Book Review: Four Views of Divine Providence by Dennis W. Jowers, ed.

I appreciate books that provide different views on theological issues.  (see my discussion on “Are Miraculous Gifts for Today?”  Wayne Grudem, ed.)  It’s important for objectivity to hear, read and understand opposing arguments or approaches to issues facing Christians today.  That challenge is to find people who will communicate in an understandable way and be objective themselves.  In this volume, there are four authors approaching Divine Providence: God causes all things,  by Paul Kjoss Helseth; God directs all things, by William Lane Craig; God controls by liberating, by Ron Highfield; and God limits His control, by Gregory A. Boyd.  Continue reading

Book Review: God’s Will & Man’s Will by Arnold G. Fruchtenbaum

God’s Will & Man’s Will by Arnold Fruchtenbaum is the best work I have read that explains the sovereignty of God and free will of man controversy.  Too much fire has been created over this discussion and countless brothers and sisters have been divided instead of brought together. Continue reading

Question: What is Prevenient Grace?

What is Prevenient Grace?

The word “prevenient” is no longer used today, but is common when discussing theology.  Prevenient is an archaic Latin term that simply means “to go before.”  It refers to the grace of God that precedes a person making a decision for salvation.  However, depending on the theological background of the person, the word can have different meanings.

Most people holding to the Reformed point of view will use the term Prevenient Grace to be the grace of God that goes before God’s work in a person’s life to regenerate and “give faith for salvation.” It will be used as a synonym for “Irresistible Grace,” that is, the grace of God that is irresistible by an elect person to believe.  In this sense, it is often equated with Effectual Grace, that is, the grace of God that is effectual to bring the elect person to the point of salvation.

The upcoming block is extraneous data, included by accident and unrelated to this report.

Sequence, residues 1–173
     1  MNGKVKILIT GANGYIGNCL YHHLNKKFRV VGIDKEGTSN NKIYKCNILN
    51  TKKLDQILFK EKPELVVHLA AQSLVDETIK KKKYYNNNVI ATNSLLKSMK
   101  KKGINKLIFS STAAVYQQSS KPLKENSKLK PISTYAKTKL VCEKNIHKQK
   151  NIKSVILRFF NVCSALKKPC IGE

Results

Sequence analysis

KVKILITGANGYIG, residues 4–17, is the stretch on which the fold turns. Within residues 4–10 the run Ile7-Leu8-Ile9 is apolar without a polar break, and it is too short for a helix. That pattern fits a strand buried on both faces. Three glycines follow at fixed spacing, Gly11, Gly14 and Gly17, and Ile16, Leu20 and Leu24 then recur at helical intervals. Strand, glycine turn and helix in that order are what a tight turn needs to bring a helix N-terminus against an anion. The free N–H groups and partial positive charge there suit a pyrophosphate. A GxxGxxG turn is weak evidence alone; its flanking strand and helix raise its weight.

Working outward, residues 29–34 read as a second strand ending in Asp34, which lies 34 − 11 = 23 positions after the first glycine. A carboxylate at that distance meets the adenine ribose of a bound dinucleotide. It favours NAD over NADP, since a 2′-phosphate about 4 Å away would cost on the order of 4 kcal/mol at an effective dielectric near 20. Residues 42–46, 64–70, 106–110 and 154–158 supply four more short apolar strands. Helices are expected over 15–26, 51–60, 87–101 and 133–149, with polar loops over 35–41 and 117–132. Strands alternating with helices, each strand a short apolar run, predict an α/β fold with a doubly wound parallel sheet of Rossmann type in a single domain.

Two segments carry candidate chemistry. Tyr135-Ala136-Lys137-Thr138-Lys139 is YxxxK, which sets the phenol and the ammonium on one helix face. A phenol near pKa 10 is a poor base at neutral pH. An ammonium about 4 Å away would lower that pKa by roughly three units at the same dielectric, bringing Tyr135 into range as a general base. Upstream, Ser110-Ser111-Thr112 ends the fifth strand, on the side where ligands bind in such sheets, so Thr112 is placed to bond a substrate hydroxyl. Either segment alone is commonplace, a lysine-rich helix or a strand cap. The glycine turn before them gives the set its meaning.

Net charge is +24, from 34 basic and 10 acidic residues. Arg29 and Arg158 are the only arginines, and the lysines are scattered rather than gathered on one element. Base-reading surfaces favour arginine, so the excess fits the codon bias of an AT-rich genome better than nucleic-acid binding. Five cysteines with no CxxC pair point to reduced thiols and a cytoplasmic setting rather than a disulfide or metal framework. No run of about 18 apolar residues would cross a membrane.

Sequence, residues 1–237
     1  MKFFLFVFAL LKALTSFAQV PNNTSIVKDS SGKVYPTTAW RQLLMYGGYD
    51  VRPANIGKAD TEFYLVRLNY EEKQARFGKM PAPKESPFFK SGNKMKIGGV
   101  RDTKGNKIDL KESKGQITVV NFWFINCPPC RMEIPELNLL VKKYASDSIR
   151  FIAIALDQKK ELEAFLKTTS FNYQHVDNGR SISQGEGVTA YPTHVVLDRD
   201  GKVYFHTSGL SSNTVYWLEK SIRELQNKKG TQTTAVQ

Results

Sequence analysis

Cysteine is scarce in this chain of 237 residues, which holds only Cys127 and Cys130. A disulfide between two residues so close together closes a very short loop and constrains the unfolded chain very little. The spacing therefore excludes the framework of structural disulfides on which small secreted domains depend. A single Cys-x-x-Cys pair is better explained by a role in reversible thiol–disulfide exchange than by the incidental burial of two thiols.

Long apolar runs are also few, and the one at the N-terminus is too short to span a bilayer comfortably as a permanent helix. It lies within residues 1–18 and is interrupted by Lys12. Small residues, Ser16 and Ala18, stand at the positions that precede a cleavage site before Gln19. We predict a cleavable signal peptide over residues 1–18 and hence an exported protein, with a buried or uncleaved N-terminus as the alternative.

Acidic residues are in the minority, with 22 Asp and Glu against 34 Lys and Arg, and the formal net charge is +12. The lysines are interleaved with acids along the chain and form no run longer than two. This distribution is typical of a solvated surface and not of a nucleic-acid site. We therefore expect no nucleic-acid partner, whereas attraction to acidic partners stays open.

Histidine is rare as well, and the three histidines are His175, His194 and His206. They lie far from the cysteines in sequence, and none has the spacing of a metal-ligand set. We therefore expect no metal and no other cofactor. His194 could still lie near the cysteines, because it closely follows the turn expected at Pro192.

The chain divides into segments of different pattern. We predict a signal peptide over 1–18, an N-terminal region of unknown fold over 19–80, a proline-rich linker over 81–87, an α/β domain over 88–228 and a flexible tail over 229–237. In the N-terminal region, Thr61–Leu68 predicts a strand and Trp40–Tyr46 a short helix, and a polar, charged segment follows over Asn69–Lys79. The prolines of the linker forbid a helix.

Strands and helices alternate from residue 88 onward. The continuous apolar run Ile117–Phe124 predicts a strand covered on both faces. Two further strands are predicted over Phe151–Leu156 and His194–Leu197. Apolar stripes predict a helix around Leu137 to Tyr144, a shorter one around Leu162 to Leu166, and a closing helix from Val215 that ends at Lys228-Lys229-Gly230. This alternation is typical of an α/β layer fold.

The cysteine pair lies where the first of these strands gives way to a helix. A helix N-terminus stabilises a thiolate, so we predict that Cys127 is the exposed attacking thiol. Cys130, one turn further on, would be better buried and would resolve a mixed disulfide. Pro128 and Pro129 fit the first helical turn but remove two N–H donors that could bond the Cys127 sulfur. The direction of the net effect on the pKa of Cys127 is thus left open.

Most people holding to the Arminian point of view will use the term Prevenient Grace as that which deals with the effects of the fall so that a person can choose to come to Christ or not.  It also can be a synonym for Effectual Grace, but used in a different manner in Reformed Theology.

Catholic doctrine would see Prevenient Grace as “assisting grace,” which assists those who are in the process of believing in Jesus and completing the work necessary for salvation.

Similar to Prevenient Grace is Common Grace, which is the grace of God that is common to all men. It is common, because it is for all mankind, not just those who might be elect as in Reformed Theology. Common grace is undeserved blessings extended to all mankind regarding God’s creative order, the restraint of sin from totally destroying man and man’s universal awareness of right and wrong.  Basically, the word is used according to the theology from which it is described.  It will mean slightly different things based on a person’s presuppositions.

I look at Prevenient Grace as the work of God prior to salvation.  It is unmerited favor that is not deserved and cannot be earned.  God made a universal call to man. Jesus said, “Come to Me, all you who labor and are heavy laden, and I will give you rest.” (Matt. 11:28) Jesus was in prayer to the Father and He was also just talking to the multitudes about the sinners of Chorazin, Bethsaida and Capernaum. The disciples of John the Baptist had been sent to ask Jesus if He was the coming One and Jesus turned and spoke to the multitudes about the greatness of John the Baptist and to consider their own lives.  As he rebuked the rejection of God’s light to Chorazin, Bethsaida, and Capernaum, He went into prayer to the Father.  From that prayer, He invited all to come to Him.